Microsoft’s Patch Tuesday for September 2023 includes 59 vulnerabilities, five of them rated critical and two currently being exploited in the wild.
The two vulnerabilities currently being exploited are CVE-2023-36761, an information disclosure flaw in Microsoft Word with a CVSS score of 6.2; and CVE-2023-36802, an elevation of privilege flaw in Microsoft Streaming Service with a CVSS score of 7.8 that could provide an attacker with system privileges.
Natalie Silva, lead cyber security engineer at Immersive Labs, told eSecurity Planet that the Word vulnerability in particular poses a high risk, noting that the Preview Pane is a potential attack vector.
“Attackers could specially craft documents or files that contain malicious code or exploit vulnerabilities in the software rendering engine used by the Preview Pane,” Silva said. “When a user previews or opens such a document in the Preview Pane, malicious code can be executed, leading to potential compromise of the system.”
Exploiting the vulnerability could lead to the disclosure of Net-NTLMv2 hashes, she added. “Net-NTLMv2 hashes are used for authentication in Windows environments, and their disclosure can enable attackers to gain unauthorized access to sensitive information or systems via a relay attack or cracked offline to recover user credentials.”
Five Critical Vulnerabilities
The five critical flaws are as follows:
- CVE-2023-29332, an elevation of privilege vulnerability in Microsoft Azure Kubernetes with a CVSS score of 7.5
- CVE-2023-36792, CVE-2023-36793, and CVE-2023-36796, three remote code execution vulnerabilities in Microsoft Visual Studio with a CVSS score of 7.8
- CVE-2023-38148, a remote code execution vulnerability in Internet Connection Sharing (ICS) with a CVSS score of 8.8
Action1 vice president of vulnerability and threat research Mike Walters noted in a blog post that while CVE-2023-38148 seems particularly threatening due to its low attack complexity and since it requires no privileges or user interaction, it can only target systems in the same network segment as the attacker.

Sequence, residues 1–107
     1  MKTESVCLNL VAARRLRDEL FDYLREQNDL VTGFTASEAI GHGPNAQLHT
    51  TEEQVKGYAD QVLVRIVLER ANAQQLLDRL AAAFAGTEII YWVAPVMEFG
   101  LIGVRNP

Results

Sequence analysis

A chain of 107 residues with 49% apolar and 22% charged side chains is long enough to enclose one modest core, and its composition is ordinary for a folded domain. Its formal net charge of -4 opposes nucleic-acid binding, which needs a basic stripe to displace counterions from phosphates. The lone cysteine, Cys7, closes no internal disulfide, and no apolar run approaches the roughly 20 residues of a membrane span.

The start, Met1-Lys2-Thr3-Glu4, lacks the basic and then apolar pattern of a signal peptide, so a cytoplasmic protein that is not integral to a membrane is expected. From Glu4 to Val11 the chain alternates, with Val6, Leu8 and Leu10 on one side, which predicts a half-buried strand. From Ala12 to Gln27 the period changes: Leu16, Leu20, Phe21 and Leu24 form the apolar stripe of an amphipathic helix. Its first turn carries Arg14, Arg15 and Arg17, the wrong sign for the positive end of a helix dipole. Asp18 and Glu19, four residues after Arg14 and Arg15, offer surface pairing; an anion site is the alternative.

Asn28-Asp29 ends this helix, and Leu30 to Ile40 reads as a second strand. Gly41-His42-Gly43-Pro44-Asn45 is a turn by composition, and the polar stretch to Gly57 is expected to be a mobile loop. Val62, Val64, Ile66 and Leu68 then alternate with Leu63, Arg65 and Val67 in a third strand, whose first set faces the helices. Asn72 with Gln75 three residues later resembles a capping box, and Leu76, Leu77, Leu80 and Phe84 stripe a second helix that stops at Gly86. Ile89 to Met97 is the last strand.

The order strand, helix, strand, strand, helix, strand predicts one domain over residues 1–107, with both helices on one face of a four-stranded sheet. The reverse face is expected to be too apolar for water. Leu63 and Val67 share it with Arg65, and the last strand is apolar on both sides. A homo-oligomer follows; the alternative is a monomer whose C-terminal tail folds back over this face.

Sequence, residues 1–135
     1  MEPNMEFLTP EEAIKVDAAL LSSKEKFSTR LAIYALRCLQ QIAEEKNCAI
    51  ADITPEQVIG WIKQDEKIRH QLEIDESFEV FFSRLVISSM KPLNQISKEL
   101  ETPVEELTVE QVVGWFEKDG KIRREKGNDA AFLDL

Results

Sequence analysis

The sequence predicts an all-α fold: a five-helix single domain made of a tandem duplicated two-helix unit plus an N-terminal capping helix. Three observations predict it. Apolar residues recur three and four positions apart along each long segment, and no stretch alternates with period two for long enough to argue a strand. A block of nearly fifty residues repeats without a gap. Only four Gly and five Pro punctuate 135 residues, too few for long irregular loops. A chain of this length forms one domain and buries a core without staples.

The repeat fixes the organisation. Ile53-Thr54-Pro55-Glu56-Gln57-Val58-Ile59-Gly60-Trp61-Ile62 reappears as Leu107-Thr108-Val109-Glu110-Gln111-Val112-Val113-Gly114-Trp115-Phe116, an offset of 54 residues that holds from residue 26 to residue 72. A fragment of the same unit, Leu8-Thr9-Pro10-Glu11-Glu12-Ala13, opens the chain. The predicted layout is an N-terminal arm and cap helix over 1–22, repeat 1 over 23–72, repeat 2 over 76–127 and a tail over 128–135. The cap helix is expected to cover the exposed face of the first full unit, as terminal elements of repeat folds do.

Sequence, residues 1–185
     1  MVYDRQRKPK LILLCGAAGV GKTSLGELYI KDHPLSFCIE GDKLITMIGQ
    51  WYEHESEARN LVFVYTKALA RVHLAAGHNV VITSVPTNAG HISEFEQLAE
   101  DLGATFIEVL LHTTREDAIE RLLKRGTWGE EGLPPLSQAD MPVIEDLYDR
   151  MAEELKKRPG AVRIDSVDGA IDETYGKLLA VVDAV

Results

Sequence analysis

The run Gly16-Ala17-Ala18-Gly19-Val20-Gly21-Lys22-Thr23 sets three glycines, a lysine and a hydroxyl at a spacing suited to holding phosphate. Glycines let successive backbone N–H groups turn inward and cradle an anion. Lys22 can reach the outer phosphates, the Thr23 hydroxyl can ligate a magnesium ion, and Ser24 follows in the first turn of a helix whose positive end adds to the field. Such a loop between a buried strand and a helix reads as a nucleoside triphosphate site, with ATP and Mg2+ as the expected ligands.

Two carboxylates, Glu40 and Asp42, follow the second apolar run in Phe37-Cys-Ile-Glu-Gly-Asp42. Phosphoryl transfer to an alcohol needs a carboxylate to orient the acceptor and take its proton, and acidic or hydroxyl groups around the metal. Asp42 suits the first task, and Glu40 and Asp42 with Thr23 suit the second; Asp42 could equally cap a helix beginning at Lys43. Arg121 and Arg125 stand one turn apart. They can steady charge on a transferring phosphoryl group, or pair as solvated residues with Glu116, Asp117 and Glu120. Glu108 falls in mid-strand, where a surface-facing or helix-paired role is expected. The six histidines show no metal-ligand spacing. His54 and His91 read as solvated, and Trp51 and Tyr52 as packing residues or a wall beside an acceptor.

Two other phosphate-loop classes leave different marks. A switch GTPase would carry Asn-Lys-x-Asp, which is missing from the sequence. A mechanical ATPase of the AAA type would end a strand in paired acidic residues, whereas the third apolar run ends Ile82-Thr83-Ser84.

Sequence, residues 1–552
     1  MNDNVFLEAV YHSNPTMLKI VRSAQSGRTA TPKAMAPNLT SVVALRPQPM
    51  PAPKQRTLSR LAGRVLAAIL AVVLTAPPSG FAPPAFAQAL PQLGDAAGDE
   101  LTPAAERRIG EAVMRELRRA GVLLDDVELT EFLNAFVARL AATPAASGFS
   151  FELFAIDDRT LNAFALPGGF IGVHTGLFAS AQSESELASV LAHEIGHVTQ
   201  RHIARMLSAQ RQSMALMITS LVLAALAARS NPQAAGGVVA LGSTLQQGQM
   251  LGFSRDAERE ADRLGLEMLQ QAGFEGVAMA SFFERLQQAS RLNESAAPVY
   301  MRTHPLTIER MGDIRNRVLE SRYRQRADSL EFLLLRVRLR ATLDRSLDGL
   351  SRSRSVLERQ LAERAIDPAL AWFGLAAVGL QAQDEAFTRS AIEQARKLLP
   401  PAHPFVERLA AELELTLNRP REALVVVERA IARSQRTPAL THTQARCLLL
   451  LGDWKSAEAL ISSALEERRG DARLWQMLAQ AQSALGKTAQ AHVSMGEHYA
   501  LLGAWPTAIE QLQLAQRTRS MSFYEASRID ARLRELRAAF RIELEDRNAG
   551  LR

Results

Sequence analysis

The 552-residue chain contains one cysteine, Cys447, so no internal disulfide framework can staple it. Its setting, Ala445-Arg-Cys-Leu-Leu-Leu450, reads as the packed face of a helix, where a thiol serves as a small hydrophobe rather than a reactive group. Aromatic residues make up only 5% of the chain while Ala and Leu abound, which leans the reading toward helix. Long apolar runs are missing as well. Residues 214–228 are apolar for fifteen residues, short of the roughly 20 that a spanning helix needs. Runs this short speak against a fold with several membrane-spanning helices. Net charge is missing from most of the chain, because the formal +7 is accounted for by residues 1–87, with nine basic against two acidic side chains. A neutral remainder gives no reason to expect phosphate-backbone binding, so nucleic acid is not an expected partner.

“Crossing network boundaries, such as a WAN, is not possible; it remains limited to systems connected to the same network switch or virtual network,” he wrote.
To exploit the vulnerability, Walters said, “an unauthorized attacker would send a specially crafted network packet to the ICS service, subsequently allowing for the execution of arbitrary code on the targeted system.”
“While Microsoft has not yet confirmed active exploitation of this vulnerability, they consider it highly likely,” he added. “Therefore, applying the provided security updates promptly is strongly recommended to mitigate potential risks.”
Visual Studio and Azure Kubernetes Flaws
Cisco’s Jonathan Munshaw wrote in a blog post that the three flaws in Visual Studio, which can be triggered if a user opens a specially crafted file, are noteworthy since Lazarus Group hackers are apparently using that method to target security developers and researchers on social media.
Immersive Labs cyber security engineer Nikolas Cemerkic told eSecurity Planet that the flaw in Microsoft Azure Kubernetes could provide attackers with Cluster Administration privileges, enabling them to compromise or disrupt services.
“It is worth noting that any application housed within the cluster that has to follow strict, stringent regulatory compliance measures, such as PCI, could cause them to become in violation,” Cemerkic said. “This could result in legal consequences and reputational damage.”
“While updating the Kubernetes Service is a crucial step in remediating this vulnerability, it is also essential to implement robust security measures and monitor for any suspicious activity,” he added. “Additionally, it’s important to have an incident response plan in place to swiftly detect and mitigate any security breaches to minimize the potential impact.”
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